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Detailed help for Mac vs. Windows
Hello all! Long time reader, first time poster, long time server for our Lord!
I've searched and searched and searched all over the spider web trying to figure out what would be the best decision for our church's main sanctuary computer with no real answers. I'm sure this will be a lenthy question so please bear with me.
I will give you our situation and what our goals are, the best I can. btw, I've never used a Mac.
My church is a multi-generational church with around 300+ attending each sunday. Right now we are using Windows 98 with 2003 power point (kill me now right!?). We use sound forge (i think?) for our sermon recordings and make cd's for our congregation. As of right now we're using a yamaha 24 channel analog board. I do not know what brand but the stage lighting board has around 18 sliders.
Things we are wanting to change:
We already have money for the Behringer x32 once it comes out. We will be running cat6 with extenders/splitters all run with hdmi to our main projector, 3 overflow tv's, 1 cry room area in an other room and foyer. The foyer tv will only have announcements and live video sermon- no song lyrics. Cry room will have announcements, lyrics and live video. The 3 over flow will have announcements and lyrics. The projector will have announcements and lyrics.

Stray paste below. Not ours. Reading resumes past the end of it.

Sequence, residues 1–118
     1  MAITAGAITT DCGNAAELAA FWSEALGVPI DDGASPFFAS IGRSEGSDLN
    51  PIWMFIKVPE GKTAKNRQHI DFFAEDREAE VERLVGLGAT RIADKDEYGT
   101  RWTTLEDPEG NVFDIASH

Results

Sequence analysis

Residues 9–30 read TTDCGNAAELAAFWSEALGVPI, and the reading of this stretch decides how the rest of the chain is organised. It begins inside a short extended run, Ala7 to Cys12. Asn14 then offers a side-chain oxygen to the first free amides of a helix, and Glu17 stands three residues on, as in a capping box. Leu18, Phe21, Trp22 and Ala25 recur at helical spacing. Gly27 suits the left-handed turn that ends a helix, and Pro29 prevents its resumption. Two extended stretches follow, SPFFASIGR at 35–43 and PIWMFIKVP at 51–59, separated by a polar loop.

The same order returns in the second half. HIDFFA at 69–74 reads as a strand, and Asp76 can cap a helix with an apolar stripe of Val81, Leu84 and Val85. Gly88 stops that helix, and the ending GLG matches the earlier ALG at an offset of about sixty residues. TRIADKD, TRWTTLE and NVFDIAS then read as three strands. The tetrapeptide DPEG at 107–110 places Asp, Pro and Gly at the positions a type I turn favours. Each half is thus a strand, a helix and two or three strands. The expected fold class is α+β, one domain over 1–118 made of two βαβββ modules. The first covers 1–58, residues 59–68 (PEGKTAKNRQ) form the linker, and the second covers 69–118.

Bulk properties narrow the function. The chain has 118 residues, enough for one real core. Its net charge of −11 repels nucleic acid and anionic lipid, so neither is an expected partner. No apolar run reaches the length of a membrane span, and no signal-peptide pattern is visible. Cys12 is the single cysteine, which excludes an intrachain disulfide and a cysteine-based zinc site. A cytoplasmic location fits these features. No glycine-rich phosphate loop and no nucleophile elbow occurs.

I would like to run ProPresenter because we use Planning Center Online and from what I see, the integration is great! We would like to use moving backgrounds, web videos and 'home made' videos. Possibly using pro tools to mix/master the audio of both sermon and music.
Now---- If I missed some important piece of this puzzle, please let me know so that you can help guild my decisions. I know all about the mac/windows most common arguments as they are all over the web.
My question is what would be in the best interest for our music ministry given the equipment/programs we have and will have? What is the better choice for recording the music audio after the x32 is purchased? What is the better choice for recording the video? Price of course is always a factor but we have around $2000 for a new computer setup including everything that goes along with the computer eg. external display, software etc.
So sorry for being so long but I figure you can help the best with all the details! Thanks SOOOOOO much everyone!!!
You can probably see by my avatar what I am about to tell you, but... Macs rock, IMO.
To be perfectly honest, I have never used ProPresenter on Windows, but I hear it's just not quite as good. (excellent choice of presentation software, btw, been using it for ~8 years now and LOVE it). The thing is, it seems that the way you want to break up different mediums to different screens, you would need to add some modules to propresenter, which adds to the cost, and pretty much boxes you into using a MacPro (for support of PCI cards, etc.) A PC desktop with PCI support would be MUCH more affordable.
I could better discuss your options if maybe you were a little more detailed about how you will be presenting announcements/live sermon footage. Do you have a video mixer?